Archive for the ‘Course 2013’ Category

Alexis Pietak Presented in the Embryo Physics Course, April 24, 2013 Abstract There’s a wealth of pattern in plant form, yet relatively little understanding of developmental mechanisms capable of generating the precise and intricate architectures commonly observed. This talk explores developmental flower patterns as cellular responses to a positional information field established by a physical […]

Rob Ninowski Presented in the Embryo Physics Course, April 17, 2013 Abstract This talk will give a historical overview of the emergence and design of Cybernetics as an approach to a variety of problems confronting science and philosophy in the early 20th century. It will examine the processes which led to it’s coalescing, and it’s […]

Albert K Harris Professor of Biology UNC-Chapel Hill Presented in the Embryo Physics Course, April 10, 2013 Abstract Problem Number One is embryonic regulation, discovered more than a century ago by Hans Driesch, and never yet solved. Number Two is the consistency and regularity of most anatomical shapes. Number Three is whether any example has […]

Evgenii Rudnyi Presented in the Embryo Physics Course, April 3, 2013 Abstract I worked in chemical thermodynamics for more than 15 years and I know how the thermodynamic entropy is used to solve practical problems.  On the other hand, in biology the term “entropy” is often associated with information and evolution. The goal of the […]

Bradly Alicea Cellular Reprogramming Laboratory Orthogonal Research Michigan State University Presented in the Embryo Physics Course, March 27, 2013 Abstract How do you define a complex organism and its behavior? This question was discussed during the HTDE 2012 workshop, during which a range of “hard-to-define” events and ways to define, model, and analyze them were […]

Terrence W. Deacon Anthropology Department Chair University of California Berkeley Presented in the Embryo Physics Course, March 20, 2013 Abstract The origin of living dynamics required an evasion of second law degradation effects by maintaining critical dynamical and structural constraints. This is accomplished by synthesizing new components for replacement and reproduction and regulating these interactions […]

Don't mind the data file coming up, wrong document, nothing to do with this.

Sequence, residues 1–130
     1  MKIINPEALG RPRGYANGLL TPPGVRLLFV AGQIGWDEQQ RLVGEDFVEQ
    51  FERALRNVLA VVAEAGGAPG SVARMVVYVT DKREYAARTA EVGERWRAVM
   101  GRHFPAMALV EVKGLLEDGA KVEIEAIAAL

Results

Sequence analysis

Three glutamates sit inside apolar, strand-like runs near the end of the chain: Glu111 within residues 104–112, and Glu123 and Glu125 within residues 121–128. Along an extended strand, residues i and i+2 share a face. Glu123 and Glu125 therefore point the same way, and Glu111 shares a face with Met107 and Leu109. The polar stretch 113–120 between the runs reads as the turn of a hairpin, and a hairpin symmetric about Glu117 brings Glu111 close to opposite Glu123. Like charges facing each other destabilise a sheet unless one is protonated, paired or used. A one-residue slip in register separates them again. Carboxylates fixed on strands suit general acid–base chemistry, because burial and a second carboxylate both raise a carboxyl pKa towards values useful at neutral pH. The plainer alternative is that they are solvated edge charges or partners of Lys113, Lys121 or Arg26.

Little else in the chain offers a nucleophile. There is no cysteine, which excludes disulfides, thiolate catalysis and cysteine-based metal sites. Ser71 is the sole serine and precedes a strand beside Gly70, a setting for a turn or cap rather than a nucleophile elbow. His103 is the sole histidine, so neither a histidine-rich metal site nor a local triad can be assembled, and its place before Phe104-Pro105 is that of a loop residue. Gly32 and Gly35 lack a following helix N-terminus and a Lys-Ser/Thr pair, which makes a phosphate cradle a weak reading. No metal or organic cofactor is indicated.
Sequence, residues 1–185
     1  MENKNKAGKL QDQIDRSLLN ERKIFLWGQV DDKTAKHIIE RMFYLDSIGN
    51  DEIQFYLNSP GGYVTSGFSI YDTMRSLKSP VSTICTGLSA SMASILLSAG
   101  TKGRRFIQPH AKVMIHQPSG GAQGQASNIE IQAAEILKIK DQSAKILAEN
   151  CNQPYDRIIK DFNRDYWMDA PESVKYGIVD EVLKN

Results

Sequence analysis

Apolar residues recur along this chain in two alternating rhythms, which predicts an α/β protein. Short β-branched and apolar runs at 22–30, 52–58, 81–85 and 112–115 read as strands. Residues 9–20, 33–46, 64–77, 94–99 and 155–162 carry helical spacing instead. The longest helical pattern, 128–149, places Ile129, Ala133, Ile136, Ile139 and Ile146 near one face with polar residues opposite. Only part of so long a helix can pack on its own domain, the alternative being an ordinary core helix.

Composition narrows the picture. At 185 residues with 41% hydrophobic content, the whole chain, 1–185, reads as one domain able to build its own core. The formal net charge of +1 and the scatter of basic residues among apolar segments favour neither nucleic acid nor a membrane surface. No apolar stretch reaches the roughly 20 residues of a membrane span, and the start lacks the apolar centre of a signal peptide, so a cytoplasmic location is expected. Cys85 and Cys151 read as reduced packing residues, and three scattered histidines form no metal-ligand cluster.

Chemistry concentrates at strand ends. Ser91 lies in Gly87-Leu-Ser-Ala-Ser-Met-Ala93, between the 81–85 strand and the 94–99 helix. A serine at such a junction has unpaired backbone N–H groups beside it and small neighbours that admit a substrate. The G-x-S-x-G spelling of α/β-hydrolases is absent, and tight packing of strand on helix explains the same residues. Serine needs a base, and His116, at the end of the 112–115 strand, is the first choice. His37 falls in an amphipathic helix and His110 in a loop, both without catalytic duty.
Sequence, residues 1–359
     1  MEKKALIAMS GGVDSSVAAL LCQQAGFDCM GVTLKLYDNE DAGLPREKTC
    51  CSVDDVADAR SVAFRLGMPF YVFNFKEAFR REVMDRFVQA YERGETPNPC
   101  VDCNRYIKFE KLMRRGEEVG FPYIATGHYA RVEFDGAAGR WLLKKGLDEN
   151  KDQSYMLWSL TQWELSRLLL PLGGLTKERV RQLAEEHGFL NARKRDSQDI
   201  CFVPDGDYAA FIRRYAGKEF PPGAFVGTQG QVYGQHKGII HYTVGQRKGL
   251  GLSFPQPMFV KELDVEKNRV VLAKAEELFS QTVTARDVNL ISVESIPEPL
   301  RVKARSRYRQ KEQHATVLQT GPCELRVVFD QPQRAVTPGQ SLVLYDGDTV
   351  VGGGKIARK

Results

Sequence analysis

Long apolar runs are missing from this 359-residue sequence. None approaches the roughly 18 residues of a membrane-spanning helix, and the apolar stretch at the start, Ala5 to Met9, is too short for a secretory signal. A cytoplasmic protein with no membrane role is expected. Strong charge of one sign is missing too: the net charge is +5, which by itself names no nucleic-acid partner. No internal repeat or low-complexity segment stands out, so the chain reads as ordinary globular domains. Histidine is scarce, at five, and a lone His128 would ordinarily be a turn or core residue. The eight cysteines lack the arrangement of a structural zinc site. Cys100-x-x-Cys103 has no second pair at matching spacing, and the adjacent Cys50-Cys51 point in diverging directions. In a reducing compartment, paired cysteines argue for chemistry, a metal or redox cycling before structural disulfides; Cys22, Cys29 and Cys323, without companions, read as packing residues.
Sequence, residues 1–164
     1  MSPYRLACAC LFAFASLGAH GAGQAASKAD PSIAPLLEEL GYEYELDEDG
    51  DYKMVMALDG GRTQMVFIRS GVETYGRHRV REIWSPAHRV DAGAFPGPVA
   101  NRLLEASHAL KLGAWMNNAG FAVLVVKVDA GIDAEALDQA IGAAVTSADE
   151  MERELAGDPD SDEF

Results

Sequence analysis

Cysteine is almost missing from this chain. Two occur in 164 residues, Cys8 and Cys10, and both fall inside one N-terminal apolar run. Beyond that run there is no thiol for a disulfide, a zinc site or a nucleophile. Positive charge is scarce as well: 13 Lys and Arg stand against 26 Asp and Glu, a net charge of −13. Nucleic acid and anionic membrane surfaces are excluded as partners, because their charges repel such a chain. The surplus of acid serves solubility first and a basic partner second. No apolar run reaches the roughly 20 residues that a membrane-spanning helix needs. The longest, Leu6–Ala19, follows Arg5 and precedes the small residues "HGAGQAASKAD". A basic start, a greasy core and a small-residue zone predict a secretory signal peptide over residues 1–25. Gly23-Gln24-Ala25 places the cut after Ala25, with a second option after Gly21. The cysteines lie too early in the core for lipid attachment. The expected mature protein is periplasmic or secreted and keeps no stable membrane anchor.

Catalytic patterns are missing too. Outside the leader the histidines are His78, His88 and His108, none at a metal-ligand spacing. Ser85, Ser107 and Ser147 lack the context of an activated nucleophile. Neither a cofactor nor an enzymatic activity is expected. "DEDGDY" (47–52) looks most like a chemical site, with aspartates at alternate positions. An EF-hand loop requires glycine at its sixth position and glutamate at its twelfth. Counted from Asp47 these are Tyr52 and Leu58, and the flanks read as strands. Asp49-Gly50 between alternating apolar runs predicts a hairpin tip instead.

Clément Vidal Centrum Leo Apostel (CLEA) Evolution, Complexity and Cognition (ECCO) Presented in the Embryo Physics Course, March 13, 2013 Abstract This talk proposes a new concrete hypothesis to assess the existence of advanced extraterrestrial life. I first point out two methodological fallacies, *naturality-of-the-gaps* and * artificiality-of-the-gaps* and propose a more balanced *astrobiological stance*, which […]

LU, Kai Research Associate Carlton Group iCeMS Kyoto University Presented in the Embryo Physics Course, March 6, 2013 Abstract How do embryonic cells differentiate into various cell types during development? The answer is perhaps related to epigenetics—chromatin mechanisms contributing to selective expression of the genome. Spatiotemporal implementation of the epigenetic machinery within the nucleus, e.g. […]

Dr. Eluem Blyden Presented in the Embryo Physics Course, February 27, 2013 Abstract The ENCODON model of gene expression allows some new perspectives on the relationship between DNA, RNA and Protein and how genetic information becomes structure and function in the cell. A survey of the model is presented and its application to influenza is […]

Albert K Harris Professor of Biology UNC-Chapel Hill Presented in the Embryo Physics Course, February 20, 2013 Abstract Two central puzzles of embryology are: (first) how cell differentiation is controlled such that nerve cells each develop at their correct locations, relative to skin cells, skeleton etc. And (second) how this control mechanism compensates for changes […]